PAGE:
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Will the national champions model of infrastructure development work?

GS Paper 3

 Syllabus: Infrastructure: Energy, Ports, Roads, Airports, Railways etc./Investment models


Source: IE

Context: Infrastructure in emerging economies like India has seemingly become both a demonstration of good and a necessity.


Importance of Infrastructure in emerging economies:

  • Simultaneously works as a national aspiration good,
  • A barometer of national progress,
  • A mechanism for job creation,
  • A vehicle for crowding in private investment, etc.


Constraints on infrastructure provision are:

  • Expensive, because it needs to be built to a minimum scale.
  • Often has a public good component, which makes the social value of infrastructure higher than its private value to individual users → making it relatively unprofitable for private investors.
  • The traditional approach to financing infrastructure → tax revenues or government borrowing.
  • Vicious trap → poorer economies generate less tax revenue → increasing public borrowing domestically → crowd out private investment → limits infrastructure investment, growth of the economy → keep the country poor.


Indian government’s efforts to come out of this vicious trap?

  • Incentivise private sector participation by providing targeted subsidies for infrastructure investments.
    • In the early 2000s, the Public-Private-Partnership (PPP) model was introduced.
    • While the program did result in the construction of a lot of infrastructure, it ended in an avalanche of non-performing assets with public sector banks → widespread corruption → change in government in 2014.
  • The “national champions” model: It modified the PPP approach by assigning the bulk of the infrastructure provisioning for roads, ports, airports, energy, and communications to a few chosen industrial houses.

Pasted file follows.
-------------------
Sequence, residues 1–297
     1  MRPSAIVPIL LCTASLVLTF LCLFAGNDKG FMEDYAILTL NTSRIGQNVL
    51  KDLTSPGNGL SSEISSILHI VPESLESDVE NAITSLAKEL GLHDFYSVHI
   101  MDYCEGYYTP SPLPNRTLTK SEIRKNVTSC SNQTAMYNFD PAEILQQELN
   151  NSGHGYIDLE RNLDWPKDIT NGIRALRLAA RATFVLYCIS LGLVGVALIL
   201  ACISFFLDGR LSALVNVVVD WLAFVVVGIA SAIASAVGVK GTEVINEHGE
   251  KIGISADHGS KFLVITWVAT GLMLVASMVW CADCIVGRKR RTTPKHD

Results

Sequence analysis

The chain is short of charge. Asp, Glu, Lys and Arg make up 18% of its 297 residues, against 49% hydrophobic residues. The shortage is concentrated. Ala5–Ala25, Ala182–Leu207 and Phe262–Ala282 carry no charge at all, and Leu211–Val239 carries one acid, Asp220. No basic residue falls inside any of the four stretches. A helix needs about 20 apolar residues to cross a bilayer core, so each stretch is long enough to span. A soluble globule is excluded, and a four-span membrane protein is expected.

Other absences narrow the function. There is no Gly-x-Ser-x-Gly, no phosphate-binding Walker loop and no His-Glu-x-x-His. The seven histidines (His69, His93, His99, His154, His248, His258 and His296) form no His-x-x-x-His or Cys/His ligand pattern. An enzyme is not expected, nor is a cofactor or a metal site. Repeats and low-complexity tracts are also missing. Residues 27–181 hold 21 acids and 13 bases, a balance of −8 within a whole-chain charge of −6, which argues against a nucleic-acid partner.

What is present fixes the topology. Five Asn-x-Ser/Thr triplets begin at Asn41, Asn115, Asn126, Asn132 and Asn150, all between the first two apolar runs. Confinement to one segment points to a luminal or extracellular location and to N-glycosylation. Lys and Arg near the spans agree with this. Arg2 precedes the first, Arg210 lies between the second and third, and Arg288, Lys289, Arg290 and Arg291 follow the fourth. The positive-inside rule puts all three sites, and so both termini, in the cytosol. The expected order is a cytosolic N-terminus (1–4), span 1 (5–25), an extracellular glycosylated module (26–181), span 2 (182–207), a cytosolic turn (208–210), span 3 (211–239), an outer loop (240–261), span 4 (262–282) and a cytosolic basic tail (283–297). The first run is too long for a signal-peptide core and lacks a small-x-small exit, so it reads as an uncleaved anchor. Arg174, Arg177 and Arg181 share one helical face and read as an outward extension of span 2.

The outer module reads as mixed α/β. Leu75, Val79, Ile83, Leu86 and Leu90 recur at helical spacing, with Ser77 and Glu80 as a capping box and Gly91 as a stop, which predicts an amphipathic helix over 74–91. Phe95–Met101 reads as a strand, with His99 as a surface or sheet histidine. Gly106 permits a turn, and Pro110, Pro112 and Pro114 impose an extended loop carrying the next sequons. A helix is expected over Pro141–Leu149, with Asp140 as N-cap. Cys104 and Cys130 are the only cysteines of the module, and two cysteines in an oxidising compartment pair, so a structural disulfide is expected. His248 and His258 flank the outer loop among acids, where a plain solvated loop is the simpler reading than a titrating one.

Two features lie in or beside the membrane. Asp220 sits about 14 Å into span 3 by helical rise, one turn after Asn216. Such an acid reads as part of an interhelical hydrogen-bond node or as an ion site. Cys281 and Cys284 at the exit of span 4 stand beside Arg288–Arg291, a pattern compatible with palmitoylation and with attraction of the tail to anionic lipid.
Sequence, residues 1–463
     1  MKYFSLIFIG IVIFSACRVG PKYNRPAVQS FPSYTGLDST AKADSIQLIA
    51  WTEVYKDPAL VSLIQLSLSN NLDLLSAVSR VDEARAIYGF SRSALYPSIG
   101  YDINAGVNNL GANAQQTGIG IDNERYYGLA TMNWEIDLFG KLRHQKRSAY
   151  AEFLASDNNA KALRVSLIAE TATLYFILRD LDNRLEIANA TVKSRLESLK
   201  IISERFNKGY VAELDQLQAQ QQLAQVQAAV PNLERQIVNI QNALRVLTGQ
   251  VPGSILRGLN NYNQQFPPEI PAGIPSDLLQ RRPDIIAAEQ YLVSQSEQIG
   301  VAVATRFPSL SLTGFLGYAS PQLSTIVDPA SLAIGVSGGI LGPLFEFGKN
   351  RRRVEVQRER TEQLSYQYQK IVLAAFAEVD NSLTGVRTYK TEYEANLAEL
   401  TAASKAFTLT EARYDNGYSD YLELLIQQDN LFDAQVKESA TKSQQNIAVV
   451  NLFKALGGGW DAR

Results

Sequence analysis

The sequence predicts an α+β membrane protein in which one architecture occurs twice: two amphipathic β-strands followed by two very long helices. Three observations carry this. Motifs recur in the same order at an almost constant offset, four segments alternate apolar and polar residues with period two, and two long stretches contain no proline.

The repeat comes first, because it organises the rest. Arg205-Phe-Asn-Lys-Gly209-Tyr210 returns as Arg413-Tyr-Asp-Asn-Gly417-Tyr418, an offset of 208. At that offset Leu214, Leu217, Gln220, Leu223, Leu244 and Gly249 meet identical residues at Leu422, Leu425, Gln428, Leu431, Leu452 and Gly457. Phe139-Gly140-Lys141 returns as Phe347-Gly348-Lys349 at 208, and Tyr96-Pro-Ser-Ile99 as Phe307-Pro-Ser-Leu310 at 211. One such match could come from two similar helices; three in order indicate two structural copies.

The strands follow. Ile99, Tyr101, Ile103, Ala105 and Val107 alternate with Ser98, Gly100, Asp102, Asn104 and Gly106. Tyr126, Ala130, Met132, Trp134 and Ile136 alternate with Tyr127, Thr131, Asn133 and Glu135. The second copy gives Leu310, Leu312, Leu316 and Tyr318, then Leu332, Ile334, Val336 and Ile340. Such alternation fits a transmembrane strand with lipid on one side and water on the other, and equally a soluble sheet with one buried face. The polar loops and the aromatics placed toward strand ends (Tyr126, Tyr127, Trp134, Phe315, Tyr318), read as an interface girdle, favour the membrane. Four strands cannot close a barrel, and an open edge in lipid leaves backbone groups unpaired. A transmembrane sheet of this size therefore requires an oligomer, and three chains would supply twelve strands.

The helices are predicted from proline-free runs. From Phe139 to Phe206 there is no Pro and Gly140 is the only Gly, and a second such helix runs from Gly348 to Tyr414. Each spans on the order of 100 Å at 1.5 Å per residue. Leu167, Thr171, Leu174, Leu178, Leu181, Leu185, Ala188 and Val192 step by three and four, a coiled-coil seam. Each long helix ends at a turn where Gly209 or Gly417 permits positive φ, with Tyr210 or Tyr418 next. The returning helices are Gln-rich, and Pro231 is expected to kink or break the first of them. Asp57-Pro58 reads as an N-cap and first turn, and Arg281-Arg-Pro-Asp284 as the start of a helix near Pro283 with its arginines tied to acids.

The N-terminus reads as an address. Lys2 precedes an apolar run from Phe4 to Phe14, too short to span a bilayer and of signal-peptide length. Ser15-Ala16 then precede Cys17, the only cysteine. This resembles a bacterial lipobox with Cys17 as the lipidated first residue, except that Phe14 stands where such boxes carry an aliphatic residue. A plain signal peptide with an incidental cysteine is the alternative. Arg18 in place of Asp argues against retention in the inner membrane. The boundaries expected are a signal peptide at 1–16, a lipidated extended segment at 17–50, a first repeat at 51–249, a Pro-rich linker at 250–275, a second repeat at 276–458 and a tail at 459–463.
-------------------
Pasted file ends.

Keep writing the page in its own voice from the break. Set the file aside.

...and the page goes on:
How does this model overcome the difficulty of financing infrastructure?

  • Incentivising national champions to build the projects identified by the government.
  • New aspects of the national champions model:
    • Champions given control over existing projects with strong cash flows → helps them to achieve targeted returns and borrow from external credit markets → lowers the cost of finance, freeing up domestic savings for private investment
    • The public association of the champions with the government’s national development policy → generates a competitive advantage in getting domestic and foreign contracts.


Issues with the national champions model:

  • The direct association of conglomerates with government policies → markets, regulators treat them as too big to fail → delayed discovery of problems, spillovers.
  • The longer it takes for projects to generate large cash flows, the greater will be the need for the state to provide access to additional cash flows.
  • This risks turning the country into an industrial oligarchy.
  • An uneven playing field in terms of market access, regulatory relaxations → a significant deterrent for foreign investors → bad for efficiency and productivity at the economy-wide level


Dilemma India is facing:

  • Can infrastructure provision be the solution to India’s growth aspirations?
  • India is at an inflection point in its development path.


Way ahead: A development model based on a domestic demand-driven production structure, powered by soft and hard infrastructure.


Insta Links:

Investment models


Mains Links:

Explain how private-public partnership agreements, in longer gestation infrastructure projects, can transfer unsuitable liabilities to the future. What arrangements need to be put in place to ensure that successive generations’ capacities are not compromised? (UPSC 2014)